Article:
The importance of reviewing case studies and working with facility management beforehand cannot be over-stressed. We must also critique our incidents to determine what went right, what went wrong, and how to improve ourselves for future incidents.
Efforts to prepare for an incident at an HCO or RBCO should involve mutual aid departments. These organizations need to be prepared for emergencies at these facilities as well. The resources necessary to effectively and efficiently manage an incident at a special care facility will be great. Most departments will not be able to single-handedly manage an incident (resource-wise). Mutual aid will be necessary, and organizations that have not been involved in your preparedness efforts may hamper or compromise your efforts.
Preincident preparedness efforts require the sustained involvement,and participation of facility personnel. From the executive officer to the medical staff to the building engineer or maintenance manager, they all will be critical resources to liaise with during an incident. Face-to-face preincident coordination is necessary to promote a good working relationship during an incident. Facility personnel, their resources, and coordination activities must be identified prior to an incident. These individuals must be trained and involved in fire department command and control operations before an incident. This will directly influence the effectiveness of a unified command structure.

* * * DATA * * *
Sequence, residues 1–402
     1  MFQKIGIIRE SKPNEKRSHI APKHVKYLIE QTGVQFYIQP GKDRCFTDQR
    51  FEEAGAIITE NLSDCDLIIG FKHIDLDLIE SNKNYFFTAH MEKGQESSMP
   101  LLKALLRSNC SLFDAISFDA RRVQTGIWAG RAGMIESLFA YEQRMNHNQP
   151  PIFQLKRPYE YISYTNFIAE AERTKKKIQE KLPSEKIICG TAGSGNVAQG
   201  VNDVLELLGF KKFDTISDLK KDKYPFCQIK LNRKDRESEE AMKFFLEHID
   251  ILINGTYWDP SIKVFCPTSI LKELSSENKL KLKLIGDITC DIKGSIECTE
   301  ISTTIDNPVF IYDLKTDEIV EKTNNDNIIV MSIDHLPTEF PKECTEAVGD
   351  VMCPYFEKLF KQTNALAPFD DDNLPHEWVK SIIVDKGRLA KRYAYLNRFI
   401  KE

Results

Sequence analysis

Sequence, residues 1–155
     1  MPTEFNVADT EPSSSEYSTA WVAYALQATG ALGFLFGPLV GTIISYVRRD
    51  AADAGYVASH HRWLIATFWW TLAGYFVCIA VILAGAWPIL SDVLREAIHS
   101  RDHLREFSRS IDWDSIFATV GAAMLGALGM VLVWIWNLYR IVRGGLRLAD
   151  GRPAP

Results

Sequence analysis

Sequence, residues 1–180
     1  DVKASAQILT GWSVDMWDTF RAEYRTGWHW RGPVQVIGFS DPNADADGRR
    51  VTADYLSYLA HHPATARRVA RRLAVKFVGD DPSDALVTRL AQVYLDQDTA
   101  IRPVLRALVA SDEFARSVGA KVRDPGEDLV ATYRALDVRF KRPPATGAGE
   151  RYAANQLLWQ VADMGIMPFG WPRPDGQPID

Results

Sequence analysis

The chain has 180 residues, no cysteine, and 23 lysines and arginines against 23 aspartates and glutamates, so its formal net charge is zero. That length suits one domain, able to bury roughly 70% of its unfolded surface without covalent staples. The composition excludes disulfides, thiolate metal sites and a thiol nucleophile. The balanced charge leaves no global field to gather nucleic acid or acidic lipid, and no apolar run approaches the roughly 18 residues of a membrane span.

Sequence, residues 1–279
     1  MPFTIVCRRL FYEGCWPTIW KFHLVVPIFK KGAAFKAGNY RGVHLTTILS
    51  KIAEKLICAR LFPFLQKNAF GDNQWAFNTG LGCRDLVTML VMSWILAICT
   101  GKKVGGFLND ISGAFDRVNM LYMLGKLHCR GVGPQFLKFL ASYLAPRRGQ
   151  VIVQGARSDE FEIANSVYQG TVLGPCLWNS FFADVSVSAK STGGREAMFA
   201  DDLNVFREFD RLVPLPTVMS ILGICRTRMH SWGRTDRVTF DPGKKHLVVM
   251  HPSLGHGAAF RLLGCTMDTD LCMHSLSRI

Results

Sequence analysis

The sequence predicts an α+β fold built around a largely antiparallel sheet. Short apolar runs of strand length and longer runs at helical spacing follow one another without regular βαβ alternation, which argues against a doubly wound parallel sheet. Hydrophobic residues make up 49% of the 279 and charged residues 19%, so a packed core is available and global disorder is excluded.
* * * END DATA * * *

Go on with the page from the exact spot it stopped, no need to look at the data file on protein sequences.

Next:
The above list of considerations is not all-encompassing, as local conditions, situations or circumstances may be unique. Fire officials must get into special care facilities and improve their intelligence of facility characteristics and fire department limitations. Key case study issues related to special care incidents have been well-documented and should be studied to avoid similar negative situational reoccurrences. If you are not constantly trying to improve your ability to respond, you are providing a great disservice to not only the facilities you protect, but your firefighters, as well. Although you cannot control many things outside of your fire department, you can control being better prepared.
ERIC G. BACHMAN, CFPS, is a 33-year veteran of the fire service and a former chief of the Eden Volunteer Fire/Rescue Department in Lancaster County, Pennsylvania. He is the hazardous materials administrator for the County of Lancaster Emergency Management Agency and serves on the Local Emergency Planning Committee of Lancaster County. He is registered with the National Board on Fire Service Professional Qualifications as a fire officer IV, fire instructor III, hazardous materials technician, and hazardous materials incident commander. He has an associate degree in fire science and earned professional certification in emergency management through the state of Pennsylvania. He is also a volunteer firefighter with the West Hempfield (PA) Fire & Rescue Company.